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(fl. 1850 - 80)
"The killing of a nine-tailed fox in the guise of Tamamo-no-mae"
- preparatory drawing for a woodblock print triptych -

Finished preparatory drawing (hanshita-e) in sumi (black
ink) on thin paper. - With touches of red color; pentimenti.

Signed:                 (unsigned, as usual for a preparatory drawing)
Date:                     1850s
Paper size:            c. 37 x 75 cms / c. 14 5/8" x 29 1/2"

The drawing is in very good condiiton, with the - for such a preparatory
drawing - typical signs from handling; a small paper defect at upper right.

- An extremely rare item in an unusual, cartoon-like style. -

ref. no.: # S-0175
Price:  € 5,900.00
This finished drawing (hanshita-e) for a woodblock print triptych depicts two episodes from legendary events involving of TAMAMO-NO-MAE (1108 - 1123) and ABE NO YASUCHIKA. TAMAMO-NO-MAE, a court lady who won the emperor's affections, was - in reality - an evil fox that had temporarily transformed itself into human form. According to popular legend, to win the heart of the emperor and eventually take over the throne, the fox spirit transformed itself into Tamamo-no-mae, an entrancingly beautiful and sagacious court lady. The emperor was completely captivated and wanted to make her his chief consort. Soon, however, he began to feel ill. No one could identify the cause until ABE NO YASUCHIKA, a court astrologer, revealed that the monarch was stricken by a curse placed on him by the fox. When Tamamo-no-mae's intensions were exposed, she escaped...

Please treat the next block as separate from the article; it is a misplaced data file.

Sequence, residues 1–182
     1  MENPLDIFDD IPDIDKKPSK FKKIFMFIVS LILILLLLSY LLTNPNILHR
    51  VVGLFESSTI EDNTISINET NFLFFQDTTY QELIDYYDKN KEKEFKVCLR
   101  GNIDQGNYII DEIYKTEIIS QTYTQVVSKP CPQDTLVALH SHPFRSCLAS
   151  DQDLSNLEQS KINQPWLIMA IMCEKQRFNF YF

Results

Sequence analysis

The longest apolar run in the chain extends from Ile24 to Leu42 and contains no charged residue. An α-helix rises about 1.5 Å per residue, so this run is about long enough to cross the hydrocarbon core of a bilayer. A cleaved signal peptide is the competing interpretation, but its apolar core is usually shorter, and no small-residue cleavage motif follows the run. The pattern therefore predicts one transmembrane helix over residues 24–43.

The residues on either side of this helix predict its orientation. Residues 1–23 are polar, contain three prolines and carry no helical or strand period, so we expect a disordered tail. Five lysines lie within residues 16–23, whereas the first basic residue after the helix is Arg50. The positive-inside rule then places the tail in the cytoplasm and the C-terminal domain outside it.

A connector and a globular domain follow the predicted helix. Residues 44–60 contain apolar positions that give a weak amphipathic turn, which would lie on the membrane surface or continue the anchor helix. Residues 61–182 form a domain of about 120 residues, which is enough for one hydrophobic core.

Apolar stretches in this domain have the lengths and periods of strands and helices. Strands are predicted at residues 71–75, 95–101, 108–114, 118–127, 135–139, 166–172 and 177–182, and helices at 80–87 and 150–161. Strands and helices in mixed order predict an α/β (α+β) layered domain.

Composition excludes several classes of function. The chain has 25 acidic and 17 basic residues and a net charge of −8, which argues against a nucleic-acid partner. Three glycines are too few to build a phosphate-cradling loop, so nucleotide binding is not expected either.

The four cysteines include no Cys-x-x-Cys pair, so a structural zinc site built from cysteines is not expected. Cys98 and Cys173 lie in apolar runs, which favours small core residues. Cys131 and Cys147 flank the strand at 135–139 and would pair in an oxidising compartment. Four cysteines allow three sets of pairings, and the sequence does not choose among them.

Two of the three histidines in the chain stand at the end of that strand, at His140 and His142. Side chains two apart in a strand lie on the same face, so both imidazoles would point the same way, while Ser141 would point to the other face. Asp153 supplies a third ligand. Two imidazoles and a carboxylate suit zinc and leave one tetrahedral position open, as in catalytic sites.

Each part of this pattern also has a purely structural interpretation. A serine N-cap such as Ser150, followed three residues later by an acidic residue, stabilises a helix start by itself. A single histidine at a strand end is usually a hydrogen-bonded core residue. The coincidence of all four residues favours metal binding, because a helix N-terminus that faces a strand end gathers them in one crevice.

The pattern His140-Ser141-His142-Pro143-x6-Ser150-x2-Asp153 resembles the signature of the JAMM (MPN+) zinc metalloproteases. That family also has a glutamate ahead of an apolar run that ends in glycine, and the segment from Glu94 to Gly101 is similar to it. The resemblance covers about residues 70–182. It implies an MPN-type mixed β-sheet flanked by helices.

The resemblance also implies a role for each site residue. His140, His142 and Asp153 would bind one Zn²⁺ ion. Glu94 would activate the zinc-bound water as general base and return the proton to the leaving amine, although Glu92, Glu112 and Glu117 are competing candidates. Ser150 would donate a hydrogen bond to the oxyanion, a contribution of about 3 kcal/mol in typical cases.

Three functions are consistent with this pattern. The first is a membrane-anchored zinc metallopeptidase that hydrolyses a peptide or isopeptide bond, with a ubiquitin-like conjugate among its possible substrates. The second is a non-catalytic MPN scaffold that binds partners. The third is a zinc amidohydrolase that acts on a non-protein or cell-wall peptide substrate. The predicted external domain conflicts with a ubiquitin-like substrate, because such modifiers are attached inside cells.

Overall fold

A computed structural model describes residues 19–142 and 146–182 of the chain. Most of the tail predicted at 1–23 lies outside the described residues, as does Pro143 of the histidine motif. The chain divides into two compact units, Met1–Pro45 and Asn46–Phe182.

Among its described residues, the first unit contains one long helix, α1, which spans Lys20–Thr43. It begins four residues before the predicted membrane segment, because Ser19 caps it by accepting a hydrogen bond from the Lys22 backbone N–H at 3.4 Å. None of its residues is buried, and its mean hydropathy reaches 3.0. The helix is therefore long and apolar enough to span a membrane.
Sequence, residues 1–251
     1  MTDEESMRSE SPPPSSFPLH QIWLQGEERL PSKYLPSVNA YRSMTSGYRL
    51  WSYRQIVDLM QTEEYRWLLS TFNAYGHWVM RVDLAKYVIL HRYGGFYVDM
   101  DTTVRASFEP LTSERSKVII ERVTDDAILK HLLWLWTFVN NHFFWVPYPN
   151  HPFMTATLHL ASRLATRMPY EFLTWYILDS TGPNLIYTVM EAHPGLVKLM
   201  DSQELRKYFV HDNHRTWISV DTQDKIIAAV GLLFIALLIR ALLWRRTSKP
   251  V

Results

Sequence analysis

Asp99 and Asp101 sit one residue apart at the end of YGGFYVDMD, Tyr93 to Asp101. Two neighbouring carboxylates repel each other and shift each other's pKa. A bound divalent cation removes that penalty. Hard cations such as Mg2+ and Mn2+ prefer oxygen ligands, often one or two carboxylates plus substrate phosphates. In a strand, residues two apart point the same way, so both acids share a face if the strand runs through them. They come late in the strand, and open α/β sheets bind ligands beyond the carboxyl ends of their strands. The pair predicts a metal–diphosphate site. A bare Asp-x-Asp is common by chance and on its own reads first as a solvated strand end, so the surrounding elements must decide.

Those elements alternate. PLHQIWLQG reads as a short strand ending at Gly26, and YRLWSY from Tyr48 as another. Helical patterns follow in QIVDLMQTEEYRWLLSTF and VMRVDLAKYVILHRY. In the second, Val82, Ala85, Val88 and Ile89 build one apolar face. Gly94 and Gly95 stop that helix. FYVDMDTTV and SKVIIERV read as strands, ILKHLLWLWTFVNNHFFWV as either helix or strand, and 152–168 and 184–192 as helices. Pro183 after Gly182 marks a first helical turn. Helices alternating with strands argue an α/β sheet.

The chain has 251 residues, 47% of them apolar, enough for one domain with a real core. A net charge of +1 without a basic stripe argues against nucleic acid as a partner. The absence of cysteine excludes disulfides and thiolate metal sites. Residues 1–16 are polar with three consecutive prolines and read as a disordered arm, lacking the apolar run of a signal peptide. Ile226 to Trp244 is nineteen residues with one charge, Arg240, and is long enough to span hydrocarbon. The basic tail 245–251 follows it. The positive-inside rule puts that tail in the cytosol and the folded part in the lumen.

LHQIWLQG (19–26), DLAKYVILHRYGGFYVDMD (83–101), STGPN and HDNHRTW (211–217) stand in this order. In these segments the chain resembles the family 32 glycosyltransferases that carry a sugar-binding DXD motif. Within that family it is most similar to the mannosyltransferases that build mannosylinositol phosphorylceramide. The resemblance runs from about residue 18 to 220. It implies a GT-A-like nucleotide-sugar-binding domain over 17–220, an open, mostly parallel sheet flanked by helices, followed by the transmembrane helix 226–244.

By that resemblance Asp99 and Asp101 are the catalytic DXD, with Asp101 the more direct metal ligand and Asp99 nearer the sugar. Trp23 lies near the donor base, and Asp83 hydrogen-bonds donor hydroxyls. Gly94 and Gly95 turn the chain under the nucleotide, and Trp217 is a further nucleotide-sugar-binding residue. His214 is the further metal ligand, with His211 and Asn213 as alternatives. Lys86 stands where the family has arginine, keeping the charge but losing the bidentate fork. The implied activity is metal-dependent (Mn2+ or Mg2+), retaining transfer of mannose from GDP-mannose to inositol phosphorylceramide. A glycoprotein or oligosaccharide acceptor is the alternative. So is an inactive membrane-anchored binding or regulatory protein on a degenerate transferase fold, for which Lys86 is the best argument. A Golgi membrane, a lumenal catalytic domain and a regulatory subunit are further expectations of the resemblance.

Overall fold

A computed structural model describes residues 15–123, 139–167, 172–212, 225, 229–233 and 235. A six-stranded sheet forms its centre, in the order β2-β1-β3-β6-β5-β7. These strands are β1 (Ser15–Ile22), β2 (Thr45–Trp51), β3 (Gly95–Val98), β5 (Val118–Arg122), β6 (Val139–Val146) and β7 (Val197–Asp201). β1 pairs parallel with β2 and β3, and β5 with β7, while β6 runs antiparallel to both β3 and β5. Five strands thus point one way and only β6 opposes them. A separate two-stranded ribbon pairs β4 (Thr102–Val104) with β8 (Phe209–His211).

This triptych depicts two scenes from the events, devided by a zigzag line as in cartoons. The first (at right) begins in front of the altar in the Emperor's garden. The eveil fox in the guise of Tamamo-no-mae nails a straw puppet onto a tree, while pronouncing incantations to increase the Emperor's illness. A masked samurai (ABE NO SEIMEI) is watching her from behind a tree. The other half of the scene (at left) shows Tamamo being killed by Abe, while the bad spirits of the fox ghost leave her body.
The drawing is done on very thin paper, of the type generally taken for the last version of the drawing intended to be used for the wood carving process. Apparently, this design was never turned into a print, or else the drawing would not have survived. This work dates from Yoshitora's earlier period. - Very rare.

The picture at right (top) shows a gorgeous surimono by Yashima GAKUTEI depicting the evil fox in the guise of Tamamo-no-mae, and a warrior. The surimono is sold,  but, - because of its superb printing quality and color preservation -, is still shown in the ARCHIVE section of our web gallery.

Another depiction of Tamamo-no-Mae - see picture at right (bottom) -, a print by Tsukioka YOSHITOSHI -, is shown in the Kabuki & Legends section of our web gallery.

For a more detailed account of the Tamamo-no-mae legend, see:
- Henry Joly, "Legend in Japanese Art"; Rutland & Tokyo, 1967; pp. 518-19;
- Will H. Edmunds, "Pointers and Clues to the Subjects of Chinese and Japanese Art"; London 1934, and Minkoff reprint, Geneva, 1974; pp. 613-14.

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